A Scotland Yard investigator looks into four mysterious cases involving an unoccupied house: 1) A writer encounters a strangler of his own creation, 2) Two men are obsessed with a wax ... See full summary »
Haunted house chiller from Dan Curtis has Oliver Reed and Karen Black as summer caretakers moving into gothic house with their young son. The catch? The house rejuvenates a part of itself ... See full summary »
Victoria Winters comes to Collinwood, an isolated mansion in coastal Maine, to work as a governess, but soon finds herself drawn into a strange, Gothic world of vampires, ghosts and a ... See full summary »
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Gangsters free one of their colleagues being escorted to prison and kill several FBI agents and local police officers in the attempt. FBI agent Melvin Purvis puts together a special squad ... See full summary »
House Of Dark Shadows, based on the very popular TV Gothic soap opera, follows the life (or is that AFTERlife) of Barnabas Collins. Recently unleashed from his coffin by local drunk, Willie Loomis, the vampire (Barnabas) goes on a killing spree, while at the same time charming his present day family members. In the process he meets local girl Maggie Evans and notices that she looks exactly like his deceased fiance Josette. Barnabas assumes that she is the reincarnation of Josette, and plans to make him his unholy bride for eternity. Written by
Nate Gardner <firstname.lastname@example.org>
This film was shot concurrently with the original Dark Shadows (1966) series. During the time of filming, the television program was in the middle of its 1970 parallel time story-arc. Major characters appearing in the film were written out of the TV series so that they would be available to shoot the movie. See more »
Professor T. Eliot Stokes:
If I told the police that the creature they're looking for lives by night, and sleeps in a coffin by day... they might question my sanity.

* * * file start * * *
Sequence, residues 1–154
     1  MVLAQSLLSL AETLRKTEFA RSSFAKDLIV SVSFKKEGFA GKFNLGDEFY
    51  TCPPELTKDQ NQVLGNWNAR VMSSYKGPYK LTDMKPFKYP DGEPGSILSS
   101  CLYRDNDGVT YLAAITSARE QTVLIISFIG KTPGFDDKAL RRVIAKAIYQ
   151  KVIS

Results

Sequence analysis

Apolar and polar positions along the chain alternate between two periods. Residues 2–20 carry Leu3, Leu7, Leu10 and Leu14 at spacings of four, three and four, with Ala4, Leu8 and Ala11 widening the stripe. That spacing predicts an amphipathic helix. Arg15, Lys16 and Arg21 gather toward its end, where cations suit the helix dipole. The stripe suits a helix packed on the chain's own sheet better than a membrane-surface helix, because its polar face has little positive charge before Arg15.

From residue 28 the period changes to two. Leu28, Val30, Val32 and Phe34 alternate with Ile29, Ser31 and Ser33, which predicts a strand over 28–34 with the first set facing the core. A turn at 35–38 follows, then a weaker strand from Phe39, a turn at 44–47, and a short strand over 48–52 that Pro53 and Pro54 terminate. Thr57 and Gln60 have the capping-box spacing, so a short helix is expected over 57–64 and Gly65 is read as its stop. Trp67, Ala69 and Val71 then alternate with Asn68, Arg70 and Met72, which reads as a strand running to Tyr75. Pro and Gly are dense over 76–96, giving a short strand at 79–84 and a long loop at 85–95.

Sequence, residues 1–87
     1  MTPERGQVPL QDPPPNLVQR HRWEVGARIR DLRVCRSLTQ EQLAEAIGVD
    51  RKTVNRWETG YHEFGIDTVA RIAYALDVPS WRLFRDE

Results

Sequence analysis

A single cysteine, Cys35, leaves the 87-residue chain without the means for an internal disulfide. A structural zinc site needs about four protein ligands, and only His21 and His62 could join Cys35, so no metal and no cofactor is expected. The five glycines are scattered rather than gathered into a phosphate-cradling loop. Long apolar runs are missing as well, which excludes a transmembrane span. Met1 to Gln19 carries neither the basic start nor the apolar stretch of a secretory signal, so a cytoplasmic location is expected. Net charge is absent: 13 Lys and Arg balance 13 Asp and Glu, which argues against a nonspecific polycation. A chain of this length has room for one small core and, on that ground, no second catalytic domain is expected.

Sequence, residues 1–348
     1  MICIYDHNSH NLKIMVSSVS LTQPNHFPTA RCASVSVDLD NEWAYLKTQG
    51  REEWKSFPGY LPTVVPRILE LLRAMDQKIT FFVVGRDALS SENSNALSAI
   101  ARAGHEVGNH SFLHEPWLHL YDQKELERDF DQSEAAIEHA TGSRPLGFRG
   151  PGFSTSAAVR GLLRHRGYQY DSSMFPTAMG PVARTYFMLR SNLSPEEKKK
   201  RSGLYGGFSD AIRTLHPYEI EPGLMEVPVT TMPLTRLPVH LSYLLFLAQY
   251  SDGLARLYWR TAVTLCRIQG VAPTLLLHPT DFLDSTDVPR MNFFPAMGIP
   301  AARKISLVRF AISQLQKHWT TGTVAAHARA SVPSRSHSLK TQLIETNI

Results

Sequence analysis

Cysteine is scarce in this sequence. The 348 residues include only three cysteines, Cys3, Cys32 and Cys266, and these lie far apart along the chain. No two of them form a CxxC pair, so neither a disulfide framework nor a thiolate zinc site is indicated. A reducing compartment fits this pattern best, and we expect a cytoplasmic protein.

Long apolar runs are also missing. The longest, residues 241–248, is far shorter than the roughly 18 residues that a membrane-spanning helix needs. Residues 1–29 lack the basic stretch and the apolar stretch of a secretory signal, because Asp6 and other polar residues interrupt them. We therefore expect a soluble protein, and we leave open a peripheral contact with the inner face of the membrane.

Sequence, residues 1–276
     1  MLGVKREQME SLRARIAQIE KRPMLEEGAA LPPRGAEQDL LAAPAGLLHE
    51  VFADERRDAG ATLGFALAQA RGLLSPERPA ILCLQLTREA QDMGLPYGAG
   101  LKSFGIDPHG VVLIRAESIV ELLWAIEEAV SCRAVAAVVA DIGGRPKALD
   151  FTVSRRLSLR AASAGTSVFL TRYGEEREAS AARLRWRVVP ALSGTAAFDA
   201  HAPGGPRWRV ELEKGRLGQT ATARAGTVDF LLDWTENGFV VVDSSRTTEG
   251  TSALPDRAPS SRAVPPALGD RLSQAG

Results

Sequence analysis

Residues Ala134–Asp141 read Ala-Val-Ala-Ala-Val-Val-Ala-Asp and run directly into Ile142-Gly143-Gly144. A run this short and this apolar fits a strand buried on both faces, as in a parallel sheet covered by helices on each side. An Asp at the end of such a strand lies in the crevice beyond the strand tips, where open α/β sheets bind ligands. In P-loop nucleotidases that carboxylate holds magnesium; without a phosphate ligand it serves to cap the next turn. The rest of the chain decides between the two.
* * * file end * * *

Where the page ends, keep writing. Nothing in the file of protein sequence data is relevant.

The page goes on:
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SPOILER: There is a scene during the closing credits: Barnabas turns into a bat and flies away. See more »
"House of Dark Shadows", the first feature based on the fondly remembered Gothic soap opera is both exciting and schlocky - sometimes concurrently. Director Dan Curtis (on a very low budget) took what on television was an extremely lengthy introduction and history of the Barnabas Collins character and crammed all he could of it into a 96 minute film. Most of the television cast are here to recreate their parts, chief among them Jonathan Frid as everyone's favorite Vampire. When surly caretaker Willie Loomis (John Karlen) foolishly frees him from his coffin where he has been sleeping for almost 200 years, Barnabas heads for the Collins family mansion and introduces himself as a cousin from England. Both the matriarch of the family, Elizabeth Stoddard (Joan Bennett) and her brother Roger Collins (Louis Edmonds) welcome him and immediately install him in the "old house" which, in fact, is Barnabas' original home. Though the plot has a few twists not seen in the series, the story is still pretty familiar.Sure enough, Barnabas soon has his way with Elizabeth's daughter Carolyn (Nancy Barrett)and she becomes one of his first victims. Although such familiar characters as Professor Stokes (Thayer David) Jeff Clark (Roger Davis) young David Collins (David Henesy) and Todd Jennings (Donald Briscoe) appear, their functions are relatively brief. The two chief supporting females upon whom the plot really turns are Maggie Evans (Kathryn Leigh Scott) the beautiful governess who bears a striking resemblance to Josette Du Pres, Barnabas' first love, and Dr. Julia Hoffman (Grayson Hall) an old family friend writing a history of the Collins family. For seemingly different reasons, both are attracted to Barnabas, and both get more than they bargained for when they become involved with him. The film is fast-paced, predictably gory, and occasionally unintentionally humorous, with loopholes big enough to drive a hearse through. Fans of the show will have a definite edge over new viewers because little is done to introduce the uninitiated to the characters (most of whom quickly go under the tooth anyway) and background of the story.It's also a shame that the still-beautiful Bennett has little to do. Still, it's sincerely acted by all, boasts a superior score by Robert Cobert (much of it recycled from the series),and some beautiful photography. "House of Dark Shadows" is one place you'll want to explore.
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